There was little or no culpability from the women I slept with. We were consenting adults who'd made a choice. They seemed set on being the innocent victim, marking me the predatory abuser. As long I could keep my emotions shut down I could deal with the fall-out.

Living in Ireland in my early 30s I finally met my match in the guise of a beautiful 19-year-old whose emotional damage and alcoholic Jekyll-and-Hyde personality beat mine hands down. It was the best sex I'd ever had. And with it came more grief and stress than I'd ever experienced. I went insane with lust and obsession. I fled the country lovesick, empty and distraught.

Soon after arriving back in England I met a woman on a train. I watched her sashay down the carriage aisle with her coffee in her hand displaying a dress code that said quite simply, "I'm game". Within five hours she was at my flat. We were together a year. I was convinced I loved her. The foundation of the relationship was good sex. When my initial passion began to wane I found it hard to say no to her advances. When I did she reacted badly and I ended the relationship within a week. I could do this; open up very quickly, an unusual and appealing trait, but I'd also learnt to shut down at the slightest hint of trouble. I realised in retrospect that as long as the sex was regular, my train lover felt loved. I couldn't face the pressure of having to carry on performing like a sex monkey so she could feel that kind of love. The simple and sad fact was at the end of this relationship we both felt the same, unloved.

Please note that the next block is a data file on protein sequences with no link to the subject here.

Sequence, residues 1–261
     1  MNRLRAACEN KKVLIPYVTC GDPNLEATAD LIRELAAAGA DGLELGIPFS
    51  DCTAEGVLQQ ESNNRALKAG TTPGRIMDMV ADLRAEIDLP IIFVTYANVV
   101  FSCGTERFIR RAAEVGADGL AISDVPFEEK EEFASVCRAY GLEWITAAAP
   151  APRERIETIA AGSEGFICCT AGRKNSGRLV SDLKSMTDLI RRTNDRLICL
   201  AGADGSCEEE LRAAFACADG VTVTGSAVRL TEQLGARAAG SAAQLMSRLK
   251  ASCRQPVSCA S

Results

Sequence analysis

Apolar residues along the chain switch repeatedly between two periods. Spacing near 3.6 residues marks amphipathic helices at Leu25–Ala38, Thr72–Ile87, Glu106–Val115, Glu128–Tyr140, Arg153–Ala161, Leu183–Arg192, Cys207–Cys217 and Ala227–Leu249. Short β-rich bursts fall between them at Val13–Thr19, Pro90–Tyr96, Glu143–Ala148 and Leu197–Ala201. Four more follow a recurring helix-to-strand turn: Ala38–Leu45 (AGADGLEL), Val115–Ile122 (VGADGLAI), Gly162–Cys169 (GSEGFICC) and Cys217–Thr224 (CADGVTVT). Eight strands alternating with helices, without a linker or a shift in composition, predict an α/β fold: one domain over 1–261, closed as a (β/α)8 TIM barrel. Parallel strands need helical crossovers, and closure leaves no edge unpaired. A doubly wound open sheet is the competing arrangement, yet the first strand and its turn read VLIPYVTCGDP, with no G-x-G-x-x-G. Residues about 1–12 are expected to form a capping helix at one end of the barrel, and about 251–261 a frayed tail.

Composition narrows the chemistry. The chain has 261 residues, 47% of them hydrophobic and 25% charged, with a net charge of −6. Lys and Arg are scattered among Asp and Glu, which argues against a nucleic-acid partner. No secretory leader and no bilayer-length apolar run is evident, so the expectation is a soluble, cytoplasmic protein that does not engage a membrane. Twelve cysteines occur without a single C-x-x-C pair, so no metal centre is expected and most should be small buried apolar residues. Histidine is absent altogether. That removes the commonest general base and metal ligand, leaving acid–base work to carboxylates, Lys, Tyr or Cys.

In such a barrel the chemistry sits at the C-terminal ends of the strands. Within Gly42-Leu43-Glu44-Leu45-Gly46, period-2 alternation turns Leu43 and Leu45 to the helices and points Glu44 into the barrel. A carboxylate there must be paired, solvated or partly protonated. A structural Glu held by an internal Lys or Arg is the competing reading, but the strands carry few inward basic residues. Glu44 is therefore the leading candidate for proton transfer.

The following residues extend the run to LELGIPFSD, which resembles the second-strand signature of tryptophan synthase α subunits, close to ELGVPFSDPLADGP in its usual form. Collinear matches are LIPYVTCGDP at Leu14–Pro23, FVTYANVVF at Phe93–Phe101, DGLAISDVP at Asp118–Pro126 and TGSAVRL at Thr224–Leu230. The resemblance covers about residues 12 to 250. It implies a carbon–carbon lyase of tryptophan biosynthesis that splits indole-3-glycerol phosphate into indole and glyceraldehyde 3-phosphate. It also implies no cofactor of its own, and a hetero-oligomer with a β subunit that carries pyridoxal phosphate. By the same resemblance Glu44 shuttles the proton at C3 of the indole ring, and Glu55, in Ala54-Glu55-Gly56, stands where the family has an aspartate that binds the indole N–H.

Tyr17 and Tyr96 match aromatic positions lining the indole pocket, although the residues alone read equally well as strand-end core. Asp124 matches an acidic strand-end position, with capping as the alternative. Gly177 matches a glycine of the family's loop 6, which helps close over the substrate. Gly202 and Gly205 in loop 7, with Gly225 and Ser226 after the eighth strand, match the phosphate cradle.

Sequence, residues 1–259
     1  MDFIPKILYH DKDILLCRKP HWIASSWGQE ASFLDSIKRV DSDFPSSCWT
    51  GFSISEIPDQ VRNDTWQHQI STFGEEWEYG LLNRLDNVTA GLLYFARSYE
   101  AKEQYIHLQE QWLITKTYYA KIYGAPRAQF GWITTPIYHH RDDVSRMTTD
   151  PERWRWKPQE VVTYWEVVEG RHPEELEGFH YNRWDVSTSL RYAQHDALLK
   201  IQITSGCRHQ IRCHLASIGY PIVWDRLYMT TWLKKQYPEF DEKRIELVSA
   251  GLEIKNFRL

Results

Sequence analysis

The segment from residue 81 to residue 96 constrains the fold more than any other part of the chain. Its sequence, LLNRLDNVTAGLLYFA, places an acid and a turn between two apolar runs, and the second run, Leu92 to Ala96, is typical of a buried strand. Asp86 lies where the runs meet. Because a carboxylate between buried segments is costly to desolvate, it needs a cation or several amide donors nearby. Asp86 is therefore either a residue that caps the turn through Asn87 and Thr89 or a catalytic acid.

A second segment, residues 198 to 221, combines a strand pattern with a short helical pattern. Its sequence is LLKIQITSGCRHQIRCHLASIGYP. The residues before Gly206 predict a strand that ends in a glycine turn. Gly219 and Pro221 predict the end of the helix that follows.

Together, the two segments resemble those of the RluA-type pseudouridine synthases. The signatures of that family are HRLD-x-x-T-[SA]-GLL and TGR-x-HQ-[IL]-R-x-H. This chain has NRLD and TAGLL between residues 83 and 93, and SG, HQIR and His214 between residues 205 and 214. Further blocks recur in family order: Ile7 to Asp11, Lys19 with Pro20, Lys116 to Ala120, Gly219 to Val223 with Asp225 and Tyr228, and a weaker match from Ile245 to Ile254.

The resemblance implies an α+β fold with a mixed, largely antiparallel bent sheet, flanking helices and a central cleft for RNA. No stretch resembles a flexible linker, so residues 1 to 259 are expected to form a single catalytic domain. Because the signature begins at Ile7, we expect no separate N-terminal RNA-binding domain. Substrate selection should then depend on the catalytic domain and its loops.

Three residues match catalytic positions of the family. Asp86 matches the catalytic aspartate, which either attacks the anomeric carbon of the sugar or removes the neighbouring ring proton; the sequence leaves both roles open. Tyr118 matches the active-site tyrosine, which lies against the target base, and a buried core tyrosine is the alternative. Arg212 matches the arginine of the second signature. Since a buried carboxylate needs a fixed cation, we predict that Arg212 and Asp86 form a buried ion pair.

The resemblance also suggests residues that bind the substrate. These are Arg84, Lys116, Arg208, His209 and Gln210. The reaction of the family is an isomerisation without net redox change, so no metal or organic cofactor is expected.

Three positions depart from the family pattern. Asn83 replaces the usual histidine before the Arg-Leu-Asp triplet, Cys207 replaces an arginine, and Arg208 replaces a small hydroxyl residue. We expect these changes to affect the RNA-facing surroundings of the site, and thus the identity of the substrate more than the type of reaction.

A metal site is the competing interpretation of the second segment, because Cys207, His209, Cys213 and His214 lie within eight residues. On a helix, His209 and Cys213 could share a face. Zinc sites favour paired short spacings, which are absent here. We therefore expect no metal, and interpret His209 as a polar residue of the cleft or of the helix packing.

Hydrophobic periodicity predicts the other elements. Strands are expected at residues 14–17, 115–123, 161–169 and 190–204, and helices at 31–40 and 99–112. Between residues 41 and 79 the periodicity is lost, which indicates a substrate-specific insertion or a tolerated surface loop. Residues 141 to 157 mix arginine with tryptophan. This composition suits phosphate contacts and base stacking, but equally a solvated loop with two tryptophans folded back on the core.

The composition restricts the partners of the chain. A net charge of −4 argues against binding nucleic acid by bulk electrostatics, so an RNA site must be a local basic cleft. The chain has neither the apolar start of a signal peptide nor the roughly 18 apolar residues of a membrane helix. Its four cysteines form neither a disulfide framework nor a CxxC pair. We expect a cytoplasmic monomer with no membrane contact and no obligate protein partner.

I re-entered the world of the single man looking for sex at every turn. I objectified women in bed, in magazines and on the screen. There was a lurking sense of the absence of morality and human decency in my behaviour but as long as I kept a constant stream of women in my life, the potentials, actuals and the fantasies, I could keep the creeping demons of guilt and shame at bay.